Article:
As an eight-year-old boy in 1964, the world was already upside down. Only one year earlier, President Kennedy was assassinated. We practiced regular air raid drills in school where we turned out the lights and crawled underneath our desks in case we got the alert that the Russians were going to drop a nuclear bomb on our town. And then, in November of ’64, everyday after school I ran home and poured over the newspaper to see if there was any news about the fate of Covenant missionary, Paul Carlson, who was captured by rebels in Congo.
I suppose I was interested in Dr. Carlson’s story because we shared the same last name and he was from the same church denomination as my family. But looking back, I realize that my fascination went much deeper. Upon hearing word of his death, I lost a hero. As a child, I did not understand the complicated Cold War politics that surrounded Congo at the time, or the convoluted motives of the Congolese rebels who captured and killed Paul.
All I knew was that a man who had a brilliant career ahead of him as a surgeon in Southern California, responded to the call of God, took his family to the “end of the earth” to serve people who he didn’t know. When given the choice to escape, he chose to stay in order to save a life. Paul’s life and testimony stayed with me throughout the years. His response to God’s call and ultimate sacrifice for that obedience made an indelible mark on my mind and heart. I may not be called to go to Africa as a doctor but wherever God said to go, I would go.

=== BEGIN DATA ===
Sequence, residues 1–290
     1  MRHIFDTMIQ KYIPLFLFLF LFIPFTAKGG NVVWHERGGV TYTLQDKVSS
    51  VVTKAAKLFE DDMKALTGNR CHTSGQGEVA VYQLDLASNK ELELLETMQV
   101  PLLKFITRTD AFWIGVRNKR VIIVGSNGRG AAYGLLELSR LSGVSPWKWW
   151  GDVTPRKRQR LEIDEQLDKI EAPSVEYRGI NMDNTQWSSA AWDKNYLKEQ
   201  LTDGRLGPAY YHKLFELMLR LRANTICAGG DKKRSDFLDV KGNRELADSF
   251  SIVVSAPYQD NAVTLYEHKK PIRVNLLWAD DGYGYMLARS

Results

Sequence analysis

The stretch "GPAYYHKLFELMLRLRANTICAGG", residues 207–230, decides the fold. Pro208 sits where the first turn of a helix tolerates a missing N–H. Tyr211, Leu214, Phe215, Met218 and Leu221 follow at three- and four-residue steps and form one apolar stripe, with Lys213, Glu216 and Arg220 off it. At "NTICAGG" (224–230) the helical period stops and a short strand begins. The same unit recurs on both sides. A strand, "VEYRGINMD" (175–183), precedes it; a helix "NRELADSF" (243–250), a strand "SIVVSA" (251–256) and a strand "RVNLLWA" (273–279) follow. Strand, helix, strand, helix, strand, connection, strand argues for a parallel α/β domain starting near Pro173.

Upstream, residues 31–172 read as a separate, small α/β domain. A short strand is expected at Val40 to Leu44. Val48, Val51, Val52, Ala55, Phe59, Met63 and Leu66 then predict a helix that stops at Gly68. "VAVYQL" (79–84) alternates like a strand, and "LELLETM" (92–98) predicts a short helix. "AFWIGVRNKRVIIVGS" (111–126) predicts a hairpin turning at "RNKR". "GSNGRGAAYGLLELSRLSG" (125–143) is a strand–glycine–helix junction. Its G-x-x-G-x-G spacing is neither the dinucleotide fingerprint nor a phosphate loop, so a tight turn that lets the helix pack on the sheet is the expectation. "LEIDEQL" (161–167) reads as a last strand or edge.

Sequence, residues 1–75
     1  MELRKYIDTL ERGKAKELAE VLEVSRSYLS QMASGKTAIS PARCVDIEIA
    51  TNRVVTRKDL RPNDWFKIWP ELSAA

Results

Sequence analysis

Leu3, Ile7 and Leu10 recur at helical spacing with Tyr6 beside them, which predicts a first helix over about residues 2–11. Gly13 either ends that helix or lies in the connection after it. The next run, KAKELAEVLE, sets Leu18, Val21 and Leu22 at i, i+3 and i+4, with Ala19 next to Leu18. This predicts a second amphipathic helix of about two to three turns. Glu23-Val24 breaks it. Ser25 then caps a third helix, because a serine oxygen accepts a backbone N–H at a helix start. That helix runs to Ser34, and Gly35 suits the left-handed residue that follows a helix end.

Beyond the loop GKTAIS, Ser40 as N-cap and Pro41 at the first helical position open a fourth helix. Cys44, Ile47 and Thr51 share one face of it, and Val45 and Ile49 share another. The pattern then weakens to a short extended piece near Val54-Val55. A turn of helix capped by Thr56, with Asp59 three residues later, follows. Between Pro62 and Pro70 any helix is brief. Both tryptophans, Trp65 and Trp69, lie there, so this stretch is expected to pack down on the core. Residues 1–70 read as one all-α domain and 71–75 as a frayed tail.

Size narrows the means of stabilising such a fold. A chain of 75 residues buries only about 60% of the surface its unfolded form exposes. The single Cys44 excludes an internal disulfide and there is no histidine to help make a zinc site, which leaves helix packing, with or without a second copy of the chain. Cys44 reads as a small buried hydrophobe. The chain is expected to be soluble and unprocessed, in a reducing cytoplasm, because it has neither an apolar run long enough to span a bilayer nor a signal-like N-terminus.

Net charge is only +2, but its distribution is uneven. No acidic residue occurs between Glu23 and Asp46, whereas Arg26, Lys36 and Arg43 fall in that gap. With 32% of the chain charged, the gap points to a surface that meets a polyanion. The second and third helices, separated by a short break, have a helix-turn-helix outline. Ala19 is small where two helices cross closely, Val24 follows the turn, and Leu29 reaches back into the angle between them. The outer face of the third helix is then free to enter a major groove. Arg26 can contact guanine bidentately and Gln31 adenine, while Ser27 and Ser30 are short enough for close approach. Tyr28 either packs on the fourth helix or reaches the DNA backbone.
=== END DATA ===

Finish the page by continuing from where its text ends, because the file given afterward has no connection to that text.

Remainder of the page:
Forty years after Paul’s death, I was given the privilege to produce a video retelling the story of the life and death of Paul Carlson. I talked with his family, Lois, Wayne, Lynette and Paul’s brother Dwight. I listened first hand to the men who were with Paul in prison, witnessed his strength and faith when he was accused of being a spy, and were clutching his hands when Paul was shot and killed by a young rebel. I traveled with the family to a number of villages in Congo, saw the magnificent tributes for “Monganga Paul” who, even after forty years, was still loved and not forgotten by the people. I listened as the nurses and pastors from the village recalled the day that he was captured and how Paul’s concern was for the safety of the people.
I sat with Paul’s family as we interviewed Cristoff Gbenye, the rebel leader who, for all practical purposes, was the man responsible for Paul’s death. Once again, I was moved and molded by the grace and forgiveness that the Carlson family showed to this man who was, in his younger years, an egotistical monster. Even though Gbenye did not pull the trigger killing Paul, he enflamed the situation with his words and actions. He could have saved him.
Now, fifty years after Paul Carlson died for the people he came to serve, I see more clearly the mark his life and death has left. True, the world was upside down in 1964 but it always has been. That’s why Jesus came to live and die. Paul Carlson was simply following Jesus. I know from the interviews I had with his family and fellow hostages that Paul did not want to die but I can say with certainty, that he did not regret his obedience to the call of Christ. He loved his family, his work and the Congolese people and still had so much to live for.
As I look at the mark that was left on my mind and heart, I realize that Paul’s example lives on. It lives on in the continued life and vitality of the church and medical work in Congo. It lives on in the passion and mission of the Paul Carlson Partnership. It lives on in me. When I look at the mark on my life I am encouraged to keep going, to be faithful in my call and not give up until Jesus calls me home. My prayer is that the mark of Monganga Paul will be passed on to the next generation through all of us who have been marked by this man and his story.